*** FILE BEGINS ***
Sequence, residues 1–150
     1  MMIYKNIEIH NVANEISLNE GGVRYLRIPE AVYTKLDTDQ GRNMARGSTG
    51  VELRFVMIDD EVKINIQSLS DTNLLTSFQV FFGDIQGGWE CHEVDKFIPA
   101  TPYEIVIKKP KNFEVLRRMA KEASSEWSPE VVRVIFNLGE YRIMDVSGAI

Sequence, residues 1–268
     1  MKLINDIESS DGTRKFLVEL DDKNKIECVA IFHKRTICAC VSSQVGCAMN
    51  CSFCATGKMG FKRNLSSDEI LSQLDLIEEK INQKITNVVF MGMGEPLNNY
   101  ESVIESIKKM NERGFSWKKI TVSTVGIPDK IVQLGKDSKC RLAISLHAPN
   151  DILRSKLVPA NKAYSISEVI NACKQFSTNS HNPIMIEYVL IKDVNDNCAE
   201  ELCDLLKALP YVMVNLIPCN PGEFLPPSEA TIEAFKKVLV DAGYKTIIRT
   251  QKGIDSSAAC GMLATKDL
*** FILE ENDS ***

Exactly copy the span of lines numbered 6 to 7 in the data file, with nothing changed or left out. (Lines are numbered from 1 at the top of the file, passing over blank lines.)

     1  MKLINDIESS DGTRKFLVEL DDKNKIECVA IFHKRTICAC VSSQVGCAMN
    51  CSFCATGKMG FKRNLSSDEI LSQLDLIEEK INQKITNVVF MGMGEPLNNY